Avoiding Business Wedgies

Skipping through the cable guide the other day, I came across the cinematic masterpiece, “Revenge of the Nerds.” I enjoyed that movie, but not for the same reasons as my friends (not entirely). Beyond the triumph of the super-smart over the super-strong, the nerds demonstrated the power of packaging and how it affects perception and acceptance.

When seen merely as runny-nosed, chess-playing, violin-toting, oddly-dressed freaks, nobody cared how many wedgies, swirlies, or other physical abuses they received. They were just “another”…another non-distinctive, not-interesting group, noticed only occasionally for their unique tolerance to waistband-abrasion and toilet-water. So, they repackaged themselves. They reintroduced themselves with less emphasis on “features” (intelligence, analytical skills, knowledge of Dungeons & Dragons characters) and more on “benefits” (outsmarting their competitors, transforming weaknesses into strengths, making people happy). They changed people’s perception of the group and generated new interest in the group. People began to notice them, cheer for them, and want to be associated with them.

Why not take the same approach to business? Because while you probably don’t have bullies pulling your underwear over your head, having people see you as “just another [insert product/service here]” can have a similar effect on your business’ visibility…and its popularity. If you’re feeling bullied by your competitors, shoved into a promotional locker where customers can’t see you, or just overlooked by those who don’t recognize your value, perhaps it’s time to rethink how you present yourself. Perhaps it’s time to step out of your own shadow, and tell your story in a new way… a way that draws people’s attention and makes them want to know more. Because as the Adams College Tri-Lam’s taught us, you can be a nerd and still be amazing. You just have to tell people about yourself in a way that’s irresistible.

If you’d like to develop an irresistible introduction for your business,
contact the Wordsmith today!

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Elevator Speech: Scripted Commercial or Simple Conversation?

When it comes to creating your message, I’m all for scribbling-out your thoughts. It’s the only way to really see what you’re thinking. Letting questions rattle around in your head and then emptying every possible response onto paper can be enlightening, and lead you to a “Wow, is that what I do?” moment.

The problems start when we move from scribbling to scripting. We write-out and memorize our elevator pitch, and when given the chance, we recite it. We narrate a 60-second commercial full of seemingly important information like our title, a product list, and a location (at the corner of “Who Cares St.” and “Why Do I Give A Darn Dr.), and offer a business card that will, invariably, find its way into a recycle bin filled with other unsolicited promotional trash.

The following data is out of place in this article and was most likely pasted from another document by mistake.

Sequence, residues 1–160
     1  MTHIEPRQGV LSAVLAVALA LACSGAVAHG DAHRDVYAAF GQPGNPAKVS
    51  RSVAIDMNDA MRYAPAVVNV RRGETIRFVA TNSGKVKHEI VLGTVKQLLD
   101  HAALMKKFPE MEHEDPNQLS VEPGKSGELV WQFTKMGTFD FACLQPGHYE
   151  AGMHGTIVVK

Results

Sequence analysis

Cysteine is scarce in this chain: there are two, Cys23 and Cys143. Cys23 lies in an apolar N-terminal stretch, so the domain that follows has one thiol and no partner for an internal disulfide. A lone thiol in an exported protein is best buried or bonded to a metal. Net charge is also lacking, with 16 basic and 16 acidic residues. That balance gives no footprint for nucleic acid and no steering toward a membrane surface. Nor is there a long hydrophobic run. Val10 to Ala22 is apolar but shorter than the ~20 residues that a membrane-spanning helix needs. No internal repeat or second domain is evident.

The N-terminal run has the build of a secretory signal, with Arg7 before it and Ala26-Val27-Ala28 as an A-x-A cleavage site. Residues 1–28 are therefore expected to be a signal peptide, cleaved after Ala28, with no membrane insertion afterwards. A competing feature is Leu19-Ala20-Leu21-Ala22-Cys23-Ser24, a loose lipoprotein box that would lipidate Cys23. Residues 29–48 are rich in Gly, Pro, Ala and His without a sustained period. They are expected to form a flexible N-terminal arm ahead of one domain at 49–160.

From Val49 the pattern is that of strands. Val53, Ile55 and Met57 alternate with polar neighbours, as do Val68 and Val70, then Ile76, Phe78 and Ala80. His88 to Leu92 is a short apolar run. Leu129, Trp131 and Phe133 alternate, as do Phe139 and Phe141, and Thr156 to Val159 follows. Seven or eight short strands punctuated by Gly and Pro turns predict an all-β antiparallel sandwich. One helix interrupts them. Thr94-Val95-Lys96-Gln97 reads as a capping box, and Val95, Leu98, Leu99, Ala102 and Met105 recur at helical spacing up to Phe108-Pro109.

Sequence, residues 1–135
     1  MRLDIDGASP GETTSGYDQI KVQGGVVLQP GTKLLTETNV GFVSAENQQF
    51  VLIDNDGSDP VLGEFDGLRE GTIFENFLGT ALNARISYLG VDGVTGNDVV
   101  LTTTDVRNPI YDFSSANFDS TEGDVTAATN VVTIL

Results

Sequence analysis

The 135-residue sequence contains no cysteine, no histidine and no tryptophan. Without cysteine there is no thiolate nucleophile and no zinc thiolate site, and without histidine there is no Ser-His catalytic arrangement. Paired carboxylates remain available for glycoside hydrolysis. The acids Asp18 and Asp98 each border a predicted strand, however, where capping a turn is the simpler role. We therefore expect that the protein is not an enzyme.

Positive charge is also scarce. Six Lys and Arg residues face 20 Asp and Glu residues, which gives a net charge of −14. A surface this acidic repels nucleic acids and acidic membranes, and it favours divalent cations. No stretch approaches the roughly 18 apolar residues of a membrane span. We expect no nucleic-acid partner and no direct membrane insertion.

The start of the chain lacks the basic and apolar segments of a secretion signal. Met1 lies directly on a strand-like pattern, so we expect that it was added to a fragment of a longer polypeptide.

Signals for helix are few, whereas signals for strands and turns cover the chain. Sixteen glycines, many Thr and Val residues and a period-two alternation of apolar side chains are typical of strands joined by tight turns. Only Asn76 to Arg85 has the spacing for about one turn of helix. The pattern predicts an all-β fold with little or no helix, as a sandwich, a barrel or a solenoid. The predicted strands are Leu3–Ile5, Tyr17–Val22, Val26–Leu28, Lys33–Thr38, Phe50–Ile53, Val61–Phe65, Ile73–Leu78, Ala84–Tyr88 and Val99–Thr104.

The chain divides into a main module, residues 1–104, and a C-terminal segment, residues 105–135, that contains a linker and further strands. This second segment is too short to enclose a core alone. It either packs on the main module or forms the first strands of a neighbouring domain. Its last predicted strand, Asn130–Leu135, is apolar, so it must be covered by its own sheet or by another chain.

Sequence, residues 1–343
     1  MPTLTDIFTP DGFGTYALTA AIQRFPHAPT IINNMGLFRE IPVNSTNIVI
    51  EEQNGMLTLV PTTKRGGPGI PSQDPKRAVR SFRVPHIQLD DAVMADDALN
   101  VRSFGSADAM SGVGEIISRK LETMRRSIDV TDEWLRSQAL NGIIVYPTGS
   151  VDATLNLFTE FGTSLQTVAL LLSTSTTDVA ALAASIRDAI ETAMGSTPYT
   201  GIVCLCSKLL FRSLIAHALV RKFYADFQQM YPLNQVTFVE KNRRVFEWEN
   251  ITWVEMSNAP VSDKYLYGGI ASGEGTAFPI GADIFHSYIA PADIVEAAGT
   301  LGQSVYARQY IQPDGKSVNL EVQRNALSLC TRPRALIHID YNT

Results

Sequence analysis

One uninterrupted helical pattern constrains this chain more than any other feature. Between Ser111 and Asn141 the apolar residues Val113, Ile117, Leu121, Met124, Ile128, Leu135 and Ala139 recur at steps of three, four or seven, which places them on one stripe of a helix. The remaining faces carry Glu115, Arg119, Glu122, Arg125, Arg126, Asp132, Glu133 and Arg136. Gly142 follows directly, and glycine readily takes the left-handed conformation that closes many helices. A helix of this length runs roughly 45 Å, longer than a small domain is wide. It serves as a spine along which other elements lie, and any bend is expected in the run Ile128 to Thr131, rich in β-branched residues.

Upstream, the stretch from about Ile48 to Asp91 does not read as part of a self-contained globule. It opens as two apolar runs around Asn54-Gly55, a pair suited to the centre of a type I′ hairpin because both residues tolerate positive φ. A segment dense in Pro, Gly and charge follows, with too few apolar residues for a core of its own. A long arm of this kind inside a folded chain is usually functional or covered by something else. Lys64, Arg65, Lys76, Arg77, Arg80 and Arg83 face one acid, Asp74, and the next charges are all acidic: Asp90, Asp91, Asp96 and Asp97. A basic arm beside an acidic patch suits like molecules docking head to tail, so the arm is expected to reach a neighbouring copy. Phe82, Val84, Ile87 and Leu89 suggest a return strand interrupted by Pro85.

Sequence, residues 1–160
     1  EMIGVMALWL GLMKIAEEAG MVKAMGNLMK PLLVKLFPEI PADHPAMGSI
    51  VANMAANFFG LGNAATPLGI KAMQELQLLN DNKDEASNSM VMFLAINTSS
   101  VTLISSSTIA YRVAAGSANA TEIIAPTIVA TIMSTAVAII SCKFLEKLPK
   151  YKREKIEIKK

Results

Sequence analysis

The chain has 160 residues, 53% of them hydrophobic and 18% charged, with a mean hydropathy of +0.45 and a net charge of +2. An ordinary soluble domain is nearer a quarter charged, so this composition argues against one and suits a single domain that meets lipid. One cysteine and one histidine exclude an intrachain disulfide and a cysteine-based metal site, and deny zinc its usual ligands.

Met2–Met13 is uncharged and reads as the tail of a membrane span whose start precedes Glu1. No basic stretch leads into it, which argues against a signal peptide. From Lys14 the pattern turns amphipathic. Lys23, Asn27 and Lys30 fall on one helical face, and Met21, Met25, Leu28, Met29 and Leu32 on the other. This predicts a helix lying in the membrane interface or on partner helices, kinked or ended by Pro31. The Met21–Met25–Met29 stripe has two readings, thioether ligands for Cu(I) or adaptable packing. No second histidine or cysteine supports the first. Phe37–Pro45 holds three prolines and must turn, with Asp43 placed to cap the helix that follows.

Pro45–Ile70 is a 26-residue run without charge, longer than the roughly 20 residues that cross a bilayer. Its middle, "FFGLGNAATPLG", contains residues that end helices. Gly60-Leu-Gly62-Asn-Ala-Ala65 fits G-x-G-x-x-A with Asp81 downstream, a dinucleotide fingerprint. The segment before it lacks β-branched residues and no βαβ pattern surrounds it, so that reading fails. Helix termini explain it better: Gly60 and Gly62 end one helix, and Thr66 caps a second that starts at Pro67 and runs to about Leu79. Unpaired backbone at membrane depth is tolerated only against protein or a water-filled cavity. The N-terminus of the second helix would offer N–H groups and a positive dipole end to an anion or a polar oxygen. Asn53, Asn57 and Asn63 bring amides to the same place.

Don’t get me wrong, I’m all for developing your story, and being prepared to share it whenever you’re invited to do so. But don’t memorize a speech that you hope will convince people to buy from you. Share a story that invites people to buy-in to you. Trade the scripted commercial for a personal conversation. It’s the only path to a real connection.

If you’d like to learn more about developing an introduction that has people asking for your business card, contact The Wordsmith today!

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Don’t Itemize…Illustrate!

People often ask, “So, what do you do?” But they never ask, “So, what do you sell?” And with the zillions of ads and promotions being driven into our laptops, tablets, and phones every moment of every day, we’ve become very skilled at recognizing and ignoring sales pitches…online, in print, and in person.

So when someone invites you to introduce your business, introduce your business. Don’t define your business by itemizing what you sell. Describe your business by illustrating what you offer. The difference? The first option moves listeners to a polite smile and grudging acceptance of a business card that will be in a recycle bin before the day’s end. The second engages listeners and moves them to the best possible response, “Tell me more!”

Don’t waste opportunities to generate real interest in your business. Introduce yourself to success. Ditch the pitch.

If you’d like to learn more about trading your 60-second commercial for an engaging introduction, contact the Wordsmith today!

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